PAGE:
2 times the integral (from -3 to 3) of (4-x) (sqrt(9-x^2) ) dx. Thank you very much.
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Originally Posted by kittycat 2 times the integral (from -3 to 3) of (4-x) (sqrt(9-x^2) ) dx. Thank you very much. You question is: Evaluate: RonL
Originally Posted by CaptainBlack You question is: Evaluate: RonL and these two integrals can be done by the usual book methods, the first by a trig substitution and the second by looking at the derivative of . RonL
Hint: You can do the second integral with a simple substitution. So let's look at the first term: Let Thus Does this integral look familiar? -Dan
Or from the beggining you can use a simple trig. sub. defined by
In general we have that
Originally Posted by Krizalid In general we have that I think you want to write (also mention that , just to be safe, write ).
Originally Posted by ThePerfectHacker I think you want to write (also mention that , just to be safe, write ). And mention that a is a real number, and... -Dan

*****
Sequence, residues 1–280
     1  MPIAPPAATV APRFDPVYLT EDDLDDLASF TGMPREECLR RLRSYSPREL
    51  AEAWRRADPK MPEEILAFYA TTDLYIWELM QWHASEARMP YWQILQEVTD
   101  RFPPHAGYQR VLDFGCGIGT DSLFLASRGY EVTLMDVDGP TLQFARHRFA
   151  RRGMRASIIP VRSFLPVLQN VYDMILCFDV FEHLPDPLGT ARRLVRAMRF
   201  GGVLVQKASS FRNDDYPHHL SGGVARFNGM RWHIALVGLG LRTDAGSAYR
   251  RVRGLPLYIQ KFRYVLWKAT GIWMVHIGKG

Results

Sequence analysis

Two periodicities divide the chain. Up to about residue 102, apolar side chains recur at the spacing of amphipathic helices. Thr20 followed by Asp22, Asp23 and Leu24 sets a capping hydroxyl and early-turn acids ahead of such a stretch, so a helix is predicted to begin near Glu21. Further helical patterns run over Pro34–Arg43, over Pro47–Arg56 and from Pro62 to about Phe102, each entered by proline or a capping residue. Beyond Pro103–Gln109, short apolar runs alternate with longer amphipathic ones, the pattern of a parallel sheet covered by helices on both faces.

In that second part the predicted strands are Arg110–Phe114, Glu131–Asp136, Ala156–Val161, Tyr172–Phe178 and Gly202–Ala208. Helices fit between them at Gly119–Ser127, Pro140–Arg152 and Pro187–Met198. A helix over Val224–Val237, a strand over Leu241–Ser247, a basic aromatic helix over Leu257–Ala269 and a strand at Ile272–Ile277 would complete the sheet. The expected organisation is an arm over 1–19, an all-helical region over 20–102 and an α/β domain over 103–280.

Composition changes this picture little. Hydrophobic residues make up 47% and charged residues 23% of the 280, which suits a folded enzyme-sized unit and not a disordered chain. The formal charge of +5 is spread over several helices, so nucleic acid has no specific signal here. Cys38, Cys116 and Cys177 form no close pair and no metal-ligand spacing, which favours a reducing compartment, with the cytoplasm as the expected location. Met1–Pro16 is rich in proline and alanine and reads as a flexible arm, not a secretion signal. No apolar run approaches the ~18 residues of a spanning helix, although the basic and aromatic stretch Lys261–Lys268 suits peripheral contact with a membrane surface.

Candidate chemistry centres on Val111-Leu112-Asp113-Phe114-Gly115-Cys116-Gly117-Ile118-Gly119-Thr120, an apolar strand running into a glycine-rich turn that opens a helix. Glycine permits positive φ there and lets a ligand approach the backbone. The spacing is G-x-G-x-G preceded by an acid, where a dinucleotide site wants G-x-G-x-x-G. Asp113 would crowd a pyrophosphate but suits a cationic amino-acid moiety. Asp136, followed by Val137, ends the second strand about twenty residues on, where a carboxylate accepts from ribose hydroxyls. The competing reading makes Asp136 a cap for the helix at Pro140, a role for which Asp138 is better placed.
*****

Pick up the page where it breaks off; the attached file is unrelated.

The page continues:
Hi Dan, how do I end this one? 9 times the integral from -1 to 1 of sqrt(1-y^2) dy - your last step! Really don't know how Also, Can anyone remind me how to do the trig substitution? I forgot it ! Please show me the steps . Thanks.
Last edited by kittycat; Aug 17th 2007 at 02:23 PM.
Set Now when you have all integrated you use the first substitution to turn the trig. expressions into expressions.
hi Krizalid, Please show me more ...! really forgot ! If possible , please show me the steps how to show the first integral by trig substitution. thank you very much.
Change of variables according to implies Which is easy to take.
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